`See Grocery Mfrs. of America, Inc. v. Gerace, 581 F. Supp. 658, 660 n. 1 (S.D.N.Y. 1984) (USDA is defendant to Commissioner Gerace's counterclaim), aff'd in part and rev'd in part, 755 F.2d 993 (2d Cir.), judgment aff'd and cert. denied, 474 U.S. 801, 820, 106 S.Ct. 36, 69, 88 L.Ed.2d 29, 56 (1985); American Meat Institute v. Ball, 550 F. Supp. 285, 288 (W.D.Mich. 1982) (USDA submits amicus curiae brief), aff'd sub nom. American Meat Institute v. Pridgeon, 724 F.2d 45 (6th Cir. 1984); Instituto Puertoriqueno de Carnes, Inc. v. Davila, Civ. No. 92-2098 (HL) (D.P.R. 1992) (same).
Finally, defendant argues that "in addition to" must have a meaning other than its plain and normal meaning because the PPIA gives the states concurrent jurisdiction with the USDA in preventing the distribution of adulterated or misbranded poultry. But § 467e provides that the states may exercise concurrent jurisdiction with the USDA over poultry products inspected under the PPIA "consistent with the requirements" made under the PPIA. The provision authorizes states to undertake, concurrently with the USDA, efforts to enforce federal requirements. It does not grant states the authority to enact their own additional requirements. See Armour Co. v. Ball, 468 F.2d 76, 84 (6th Cir. 1972) (construing the identical language in the Federal Meat Inspection Act as permitting Michigan to enforce only federal, not state, misbranding provisions), cert. denied, 411 U.S. 981, 93 S.Ct. 2267, 36 L.Ed.2d 957 (1973); Swift Co. v. Walkley, 369 F. Supp. 1198, 1199-1201 (S.D.N.Y. 1973) (same). Where Congress in the PPIA intended that the states could develop standards stricter than the federal standards it made explicit provision. See, e.g., 21 U.S.C. § 454(a)(1) (authorizing the USDA to cooperate with appropriate state agencies in developing and administering inspection requirements "at least equal to" the requirements contained in the PPIA). The pre-emption clause as to labeling requirements evinces no such intent and uses no such language.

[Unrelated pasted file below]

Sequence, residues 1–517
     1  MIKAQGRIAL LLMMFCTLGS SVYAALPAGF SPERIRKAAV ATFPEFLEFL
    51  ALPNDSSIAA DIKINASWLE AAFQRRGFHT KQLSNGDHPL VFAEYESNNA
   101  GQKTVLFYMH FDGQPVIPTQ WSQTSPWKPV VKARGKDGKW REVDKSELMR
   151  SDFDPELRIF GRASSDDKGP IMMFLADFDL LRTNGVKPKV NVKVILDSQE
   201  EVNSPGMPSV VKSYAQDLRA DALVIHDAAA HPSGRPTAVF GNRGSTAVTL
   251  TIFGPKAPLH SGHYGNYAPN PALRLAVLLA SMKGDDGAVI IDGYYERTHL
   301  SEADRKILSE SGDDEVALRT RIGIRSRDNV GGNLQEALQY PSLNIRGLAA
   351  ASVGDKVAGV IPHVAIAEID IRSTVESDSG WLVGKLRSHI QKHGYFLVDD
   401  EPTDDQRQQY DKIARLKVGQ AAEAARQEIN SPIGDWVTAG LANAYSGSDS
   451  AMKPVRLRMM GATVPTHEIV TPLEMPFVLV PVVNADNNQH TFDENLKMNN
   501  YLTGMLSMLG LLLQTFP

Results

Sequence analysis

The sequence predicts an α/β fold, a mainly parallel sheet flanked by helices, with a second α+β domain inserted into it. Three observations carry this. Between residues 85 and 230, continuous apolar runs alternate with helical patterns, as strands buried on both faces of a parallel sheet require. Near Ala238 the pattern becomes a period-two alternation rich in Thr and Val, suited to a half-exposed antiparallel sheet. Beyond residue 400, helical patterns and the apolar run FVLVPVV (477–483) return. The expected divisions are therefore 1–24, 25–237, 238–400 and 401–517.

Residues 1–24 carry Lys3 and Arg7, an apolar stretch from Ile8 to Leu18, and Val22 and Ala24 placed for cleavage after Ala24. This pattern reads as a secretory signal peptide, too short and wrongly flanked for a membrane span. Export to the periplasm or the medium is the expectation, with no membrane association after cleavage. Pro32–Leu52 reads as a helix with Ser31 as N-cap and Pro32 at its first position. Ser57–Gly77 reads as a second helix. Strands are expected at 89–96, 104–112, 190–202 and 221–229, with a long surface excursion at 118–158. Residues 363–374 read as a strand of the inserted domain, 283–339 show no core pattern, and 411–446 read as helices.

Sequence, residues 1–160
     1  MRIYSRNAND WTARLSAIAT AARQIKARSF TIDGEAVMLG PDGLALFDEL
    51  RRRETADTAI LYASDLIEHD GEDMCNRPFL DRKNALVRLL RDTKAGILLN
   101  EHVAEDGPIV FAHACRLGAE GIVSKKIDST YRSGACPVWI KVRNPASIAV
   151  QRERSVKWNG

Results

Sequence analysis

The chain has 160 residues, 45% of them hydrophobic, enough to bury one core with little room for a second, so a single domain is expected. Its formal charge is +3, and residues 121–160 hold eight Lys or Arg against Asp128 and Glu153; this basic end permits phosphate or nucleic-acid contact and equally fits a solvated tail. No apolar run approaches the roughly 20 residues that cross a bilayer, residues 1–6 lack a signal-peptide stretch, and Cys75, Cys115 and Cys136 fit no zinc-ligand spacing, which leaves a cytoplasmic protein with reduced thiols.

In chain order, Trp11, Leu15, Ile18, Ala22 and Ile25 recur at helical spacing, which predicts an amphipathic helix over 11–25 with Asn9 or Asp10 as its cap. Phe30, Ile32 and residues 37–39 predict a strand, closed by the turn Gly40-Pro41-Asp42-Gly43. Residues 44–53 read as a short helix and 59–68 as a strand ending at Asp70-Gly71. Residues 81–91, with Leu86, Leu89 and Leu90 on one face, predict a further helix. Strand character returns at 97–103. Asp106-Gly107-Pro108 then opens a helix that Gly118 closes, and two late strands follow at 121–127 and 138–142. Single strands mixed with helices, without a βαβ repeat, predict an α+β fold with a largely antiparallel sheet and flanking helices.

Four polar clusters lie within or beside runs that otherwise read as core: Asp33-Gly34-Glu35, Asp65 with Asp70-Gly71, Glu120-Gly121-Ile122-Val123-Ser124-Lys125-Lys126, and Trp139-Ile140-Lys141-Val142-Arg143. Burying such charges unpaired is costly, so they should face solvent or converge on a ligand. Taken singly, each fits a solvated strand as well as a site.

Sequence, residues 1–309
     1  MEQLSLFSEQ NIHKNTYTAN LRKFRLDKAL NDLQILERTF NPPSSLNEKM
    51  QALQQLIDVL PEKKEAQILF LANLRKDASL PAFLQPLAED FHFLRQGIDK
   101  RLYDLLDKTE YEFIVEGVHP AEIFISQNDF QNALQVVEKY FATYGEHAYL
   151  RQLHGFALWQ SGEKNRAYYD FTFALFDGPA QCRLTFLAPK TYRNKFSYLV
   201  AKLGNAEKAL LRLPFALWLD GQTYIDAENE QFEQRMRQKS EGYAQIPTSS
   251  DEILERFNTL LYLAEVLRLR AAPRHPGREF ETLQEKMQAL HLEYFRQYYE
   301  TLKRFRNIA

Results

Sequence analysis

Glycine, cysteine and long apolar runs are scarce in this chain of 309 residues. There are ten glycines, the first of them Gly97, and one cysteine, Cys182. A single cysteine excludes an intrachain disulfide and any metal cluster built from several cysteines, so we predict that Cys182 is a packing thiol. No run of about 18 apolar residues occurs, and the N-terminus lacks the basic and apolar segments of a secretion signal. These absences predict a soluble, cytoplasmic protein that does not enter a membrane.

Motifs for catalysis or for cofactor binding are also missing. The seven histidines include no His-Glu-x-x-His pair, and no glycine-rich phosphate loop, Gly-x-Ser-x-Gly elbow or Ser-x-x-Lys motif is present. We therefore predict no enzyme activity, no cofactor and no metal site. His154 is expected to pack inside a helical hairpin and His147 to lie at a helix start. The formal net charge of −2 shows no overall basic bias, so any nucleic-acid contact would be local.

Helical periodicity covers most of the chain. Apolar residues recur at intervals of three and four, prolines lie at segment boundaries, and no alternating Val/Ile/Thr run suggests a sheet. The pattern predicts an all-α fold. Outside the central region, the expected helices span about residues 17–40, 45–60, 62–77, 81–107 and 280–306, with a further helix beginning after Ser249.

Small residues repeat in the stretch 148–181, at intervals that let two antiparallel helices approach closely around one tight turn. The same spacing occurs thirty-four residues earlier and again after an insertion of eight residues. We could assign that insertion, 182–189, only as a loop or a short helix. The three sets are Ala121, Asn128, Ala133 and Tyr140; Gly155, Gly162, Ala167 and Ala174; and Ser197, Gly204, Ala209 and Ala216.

In short, the California Act imposes a labeling requirement that is at least "in addition to" labeling requirements made under the PPIA. There is no sound basis for interpreting the language of the pre-emption clause in a manner other than that dictated by its plain language. Plaintiffs therefore are entitled to summary judgment on their pre-emption claim.
Alternatively, the California Act's labeling requirement is pre-empted by § 467e because it is "different than" existing federal poultry labeling requirements.